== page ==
When creating an estate plan, people are often most concerned with passing on the “big things” like real estate, bank accounts, and vehicles. Yet these possessions very often aren't the items that have the most meaning for the loved ones we leave behind.
Smaller items, like family heirlooms and keepsakes, which may not have a high dollar value, frequently have the most sentimental value for our family members. But for a number of reasons, these personal possessions are often not specifically accounted for in wills, trusts, and other estate planning documents.
However, it's critical that you don't overlook this type of property in your estate plan, as the distribution of such items can become a source of intense conflict and strife for those you leave behind. In fact, if you don't properly address family heirlooms and keepsakes in your estate plan, it can lead to long-lasting disagreements that can tear your family apart.
Heirlooms & Keepsakes: Little Things With Big Value
Heirlooms and keepsakes are both prized for their sentimental value, but these possessions are slightly different from one another in terms of the manner in which the items are passed on.
Heirlooms: Heirlooms are passed down among family members for generations, and the passing of heirlooms sometimes involves traditions. For example, the first daughter to marry inherits grandmother's heirloom wedding ring.
Keepsakes: Keepsakes, on the other hand, are possessions that are given or kept specifically for sentimental or nostalgic reasons, and these items may only get passed on once. For example, photo albums are a typical keepsake that are treasured by many families. If a keepsake gets passed on multiple times, it may eventually become a family heirloom.
Although just about any personal possession could be considered an heirloom or keepsake, some of the most common examples of these items include the following:
- Musical instruments
- Family documents (such as birth certificates, baptism records, and citizenship papers)
- Collections (such as sports memorabilia, coins, stamps, and doll collections)
Issues Raised By Passing On Heirlooms & Keepsakes
In the legal world, both heirlooms and keepsakes are considered “non-titled personal property.” As mentioned earlier, when there is no plan in place for the distribution of these items following the owner's death, it can create bitter conflicts among family members. Indeed, fights over heirlooms and keepsakes can cause close family members to never speak with one another again.
In her book “Who Gets Grandma's Yellow Pie Plate?” Professor Marlene S. Stum, an expert in family social science at the University of Minnesota, warns of the infighting that can occur when there's no plan for who inherits these personal effects.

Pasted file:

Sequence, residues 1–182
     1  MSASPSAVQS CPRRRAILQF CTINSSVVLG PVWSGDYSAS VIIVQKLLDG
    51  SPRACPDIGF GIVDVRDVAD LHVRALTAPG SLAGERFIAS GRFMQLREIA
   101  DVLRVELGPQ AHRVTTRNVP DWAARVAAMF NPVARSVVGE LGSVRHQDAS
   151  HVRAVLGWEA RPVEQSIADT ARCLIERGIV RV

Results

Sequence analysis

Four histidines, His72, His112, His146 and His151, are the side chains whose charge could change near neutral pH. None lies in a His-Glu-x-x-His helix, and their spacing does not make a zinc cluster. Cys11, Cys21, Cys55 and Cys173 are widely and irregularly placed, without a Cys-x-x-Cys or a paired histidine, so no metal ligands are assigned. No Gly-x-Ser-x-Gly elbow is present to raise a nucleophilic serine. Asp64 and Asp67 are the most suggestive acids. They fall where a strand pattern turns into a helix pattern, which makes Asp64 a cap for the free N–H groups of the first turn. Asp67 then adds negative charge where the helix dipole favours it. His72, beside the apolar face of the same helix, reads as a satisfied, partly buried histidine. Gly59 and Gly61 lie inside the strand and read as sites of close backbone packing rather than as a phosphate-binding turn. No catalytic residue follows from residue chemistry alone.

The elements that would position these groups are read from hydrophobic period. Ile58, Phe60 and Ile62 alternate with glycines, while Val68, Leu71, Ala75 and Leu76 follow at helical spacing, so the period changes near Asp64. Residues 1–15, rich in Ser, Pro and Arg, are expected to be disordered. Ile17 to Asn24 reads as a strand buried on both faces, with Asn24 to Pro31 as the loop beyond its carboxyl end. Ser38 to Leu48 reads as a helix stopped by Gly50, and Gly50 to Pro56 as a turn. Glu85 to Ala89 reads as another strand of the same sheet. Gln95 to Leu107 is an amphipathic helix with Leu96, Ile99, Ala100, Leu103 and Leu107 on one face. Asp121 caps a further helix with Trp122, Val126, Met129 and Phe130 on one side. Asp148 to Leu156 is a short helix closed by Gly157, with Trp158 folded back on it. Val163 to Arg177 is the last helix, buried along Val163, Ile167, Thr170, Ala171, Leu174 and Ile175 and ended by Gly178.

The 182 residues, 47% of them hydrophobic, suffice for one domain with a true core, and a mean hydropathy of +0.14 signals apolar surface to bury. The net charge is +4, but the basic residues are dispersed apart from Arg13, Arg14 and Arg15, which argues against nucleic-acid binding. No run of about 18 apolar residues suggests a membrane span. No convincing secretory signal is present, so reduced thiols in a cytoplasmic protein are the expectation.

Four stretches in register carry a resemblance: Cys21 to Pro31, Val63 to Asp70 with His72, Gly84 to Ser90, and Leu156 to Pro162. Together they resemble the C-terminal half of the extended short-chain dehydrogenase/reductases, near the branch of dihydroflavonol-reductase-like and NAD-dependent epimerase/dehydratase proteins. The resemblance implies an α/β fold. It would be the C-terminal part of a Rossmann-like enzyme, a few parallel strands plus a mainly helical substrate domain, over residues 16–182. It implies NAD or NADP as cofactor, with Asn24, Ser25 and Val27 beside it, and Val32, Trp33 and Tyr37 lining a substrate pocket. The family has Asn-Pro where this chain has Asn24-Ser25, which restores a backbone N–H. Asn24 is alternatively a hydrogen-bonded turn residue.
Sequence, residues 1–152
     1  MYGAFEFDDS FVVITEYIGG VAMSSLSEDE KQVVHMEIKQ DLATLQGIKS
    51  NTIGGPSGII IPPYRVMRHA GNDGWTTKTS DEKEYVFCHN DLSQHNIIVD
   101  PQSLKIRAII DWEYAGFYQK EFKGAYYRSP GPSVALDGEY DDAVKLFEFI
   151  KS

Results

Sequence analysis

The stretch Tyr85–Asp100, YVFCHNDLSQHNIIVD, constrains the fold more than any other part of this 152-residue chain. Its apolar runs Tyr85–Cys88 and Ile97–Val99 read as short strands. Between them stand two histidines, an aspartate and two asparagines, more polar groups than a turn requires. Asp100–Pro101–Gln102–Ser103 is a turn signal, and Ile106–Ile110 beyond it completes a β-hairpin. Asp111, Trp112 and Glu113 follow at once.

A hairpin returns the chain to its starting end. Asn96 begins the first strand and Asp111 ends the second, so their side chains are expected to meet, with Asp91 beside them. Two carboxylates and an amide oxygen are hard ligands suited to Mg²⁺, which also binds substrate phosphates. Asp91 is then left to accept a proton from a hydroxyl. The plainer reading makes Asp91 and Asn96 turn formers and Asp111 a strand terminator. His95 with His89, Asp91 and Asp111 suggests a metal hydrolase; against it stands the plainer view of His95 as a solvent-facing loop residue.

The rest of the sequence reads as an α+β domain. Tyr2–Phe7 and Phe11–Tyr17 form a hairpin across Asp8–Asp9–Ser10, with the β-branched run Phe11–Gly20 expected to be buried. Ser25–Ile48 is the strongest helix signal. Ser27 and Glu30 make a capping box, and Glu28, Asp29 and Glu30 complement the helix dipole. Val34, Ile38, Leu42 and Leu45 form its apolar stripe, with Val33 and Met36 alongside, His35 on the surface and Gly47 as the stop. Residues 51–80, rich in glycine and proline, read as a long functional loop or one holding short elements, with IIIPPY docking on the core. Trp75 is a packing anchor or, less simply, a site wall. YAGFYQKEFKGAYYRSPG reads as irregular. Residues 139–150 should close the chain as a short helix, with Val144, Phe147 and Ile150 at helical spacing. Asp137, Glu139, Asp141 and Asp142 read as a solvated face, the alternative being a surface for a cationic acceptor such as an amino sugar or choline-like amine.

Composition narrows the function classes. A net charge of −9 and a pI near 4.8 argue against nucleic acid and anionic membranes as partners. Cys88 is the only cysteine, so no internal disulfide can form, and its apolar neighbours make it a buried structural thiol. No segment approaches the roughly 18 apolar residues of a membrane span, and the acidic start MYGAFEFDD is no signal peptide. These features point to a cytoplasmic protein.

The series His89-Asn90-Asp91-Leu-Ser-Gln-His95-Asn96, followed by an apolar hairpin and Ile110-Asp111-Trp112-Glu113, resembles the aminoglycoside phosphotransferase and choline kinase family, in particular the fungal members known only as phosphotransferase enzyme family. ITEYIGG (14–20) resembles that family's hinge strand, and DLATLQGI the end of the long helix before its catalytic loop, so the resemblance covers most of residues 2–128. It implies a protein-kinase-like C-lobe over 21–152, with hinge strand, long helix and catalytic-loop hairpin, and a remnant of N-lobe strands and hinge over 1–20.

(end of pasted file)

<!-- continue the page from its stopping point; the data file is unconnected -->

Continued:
“What surprises many people is that often the transfer of non-titled personal property creates more challenges among family members than the transfer of titled property,” says Stum. “Research has shown that disputes over inheritance and property distribution are one of the major reasons for adult siblings to break off relationships with one another.”
Given the potential trouble the distribution of heirlooms and keepsakes can cause for your heirs, you'll want to take extra care in seeing that these family treasures are passed on properly. And this means incorporating them into your estate plan in one way or another.
Strategies For Peacefully Distributing Heirlooms & Keepsakes
While there is no one perfect way to distribute these items in your estate plan, your primary goal should be to maintain harmony among your loved ones during an already emotional time. As with most sensitive issues, clear communication is vital to this process.
Because your family members can have vastly different values associated with certain heirlooms and keepsakes and you may have little idea about how each person feels, you should speak with each family member in advance. By talking with family members about their feelings and expectations regarding your possessions ahead of time, you will have a much better idea of how to distribute these items to your loved ones with the least amount of conflict.
Additionally, you should decide ahead of time if you need to have any of your heirlooms or keepsakes appraised. In doing so, you provide your heirs with the necessary documentation to gauge the monetary value of these items, and you can save them from extra work while they are mourning your death.
Again, the manner in which you distribute your heirlooms and keepsakes will depend largely on the items you have to pass on and your specific family situation. That said, here are a few estate planning strategies to consider when passing on these precious possessions.
Gifting during your lifetime: Of course, you don't have to wait until you die to pass on your heirlooms and keepsakes, and you may prefer to give away certain special items while you are still living. By doing so, you get to personally witness the joy your loved ones experience when they receive the gift, and you can also personally explain the reasons you want each person to have a particular item.